Approved ADHD device sends electrical pulse to child’s brain

Approved ADHD device sends electrical pulse to child’s brain
The Monarch external trigeminal nerve stimulation system is placed on the child's forehead, and the pocket-sized device delivers a low-level electrical pulse to the parts of the brain responsible for ADHD symptoms. (Source: CNN)

(CNN) - A medical device to treat childhood ADHD has been approved by the Food and Drug Administration.

It's the first medical device of its kind. The Monarch external trigeminal nerve stimulation system was given the OK by the FDA on Friday.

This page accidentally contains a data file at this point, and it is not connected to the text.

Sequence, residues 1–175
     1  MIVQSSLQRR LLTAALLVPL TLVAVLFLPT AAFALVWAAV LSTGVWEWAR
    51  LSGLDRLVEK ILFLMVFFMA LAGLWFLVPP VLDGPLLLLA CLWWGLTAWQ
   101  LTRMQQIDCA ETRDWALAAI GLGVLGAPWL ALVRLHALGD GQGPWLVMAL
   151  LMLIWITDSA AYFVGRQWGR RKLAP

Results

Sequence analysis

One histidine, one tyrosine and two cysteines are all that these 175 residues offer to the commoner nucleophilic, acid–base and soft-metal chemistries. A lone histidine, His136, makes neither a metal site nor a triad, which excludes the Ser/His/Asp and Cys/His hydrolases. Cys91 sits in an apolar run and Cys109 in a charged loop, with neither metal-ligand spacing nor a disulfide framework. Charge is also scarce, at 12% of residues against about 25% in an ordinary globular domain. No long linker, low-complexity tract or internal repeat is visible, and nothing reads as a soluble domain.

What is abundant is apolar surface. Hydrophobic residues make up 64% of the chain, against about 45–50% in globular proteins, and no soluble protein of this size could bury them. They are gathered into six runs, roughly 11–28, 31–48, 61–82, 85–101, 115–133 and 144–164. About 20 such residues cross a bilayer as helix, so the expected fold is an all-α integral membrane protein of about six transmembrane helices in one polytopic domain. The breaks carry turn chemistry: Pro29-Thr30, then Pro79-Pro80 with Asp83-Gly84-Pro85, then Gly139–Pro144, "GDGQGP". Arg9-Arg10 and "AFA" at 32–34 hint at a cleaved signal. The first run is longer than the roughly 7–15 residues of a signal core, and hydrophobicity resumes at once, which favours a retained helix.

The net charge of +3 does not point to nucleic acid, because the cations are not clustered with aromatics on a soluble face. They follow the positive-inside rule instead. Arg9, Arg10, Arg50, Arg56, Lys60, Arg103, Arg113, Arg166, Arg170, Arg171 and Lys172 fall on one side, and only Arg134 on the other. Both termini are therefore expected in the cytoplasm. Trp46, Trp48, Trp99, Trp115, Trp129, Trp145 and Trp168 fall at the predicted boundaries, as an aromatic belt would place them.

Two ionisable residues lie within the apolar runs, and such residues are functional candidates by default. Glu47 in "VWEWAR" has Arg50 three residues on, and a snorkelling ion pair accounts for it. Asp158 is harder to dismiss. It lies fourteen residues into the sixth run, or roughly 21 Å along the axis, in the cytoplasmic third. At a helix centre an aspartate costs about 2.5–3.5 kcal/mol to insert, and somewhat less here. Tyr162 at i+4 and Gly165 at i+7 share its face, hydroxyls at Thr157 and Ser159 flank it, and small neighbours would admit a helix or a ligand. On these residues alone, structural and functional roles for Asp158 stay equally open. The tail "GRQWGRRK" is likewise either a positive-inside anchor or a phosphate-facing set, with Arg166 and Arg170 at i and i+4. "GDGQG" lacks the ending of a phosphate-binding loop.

It's designated for children ages seven to 12 who are not currently on medication for the disorder. It is designed to be worn while a child is sleeping.

A small adhesive patch is placed on the child's forehead, and the pocket-sized device delivers a low-level electrical pulse to the parts of the brain responsible for ADHD symptoms.

The device also has been investigated as a possible treatment for traumatic brain injury in veterans.

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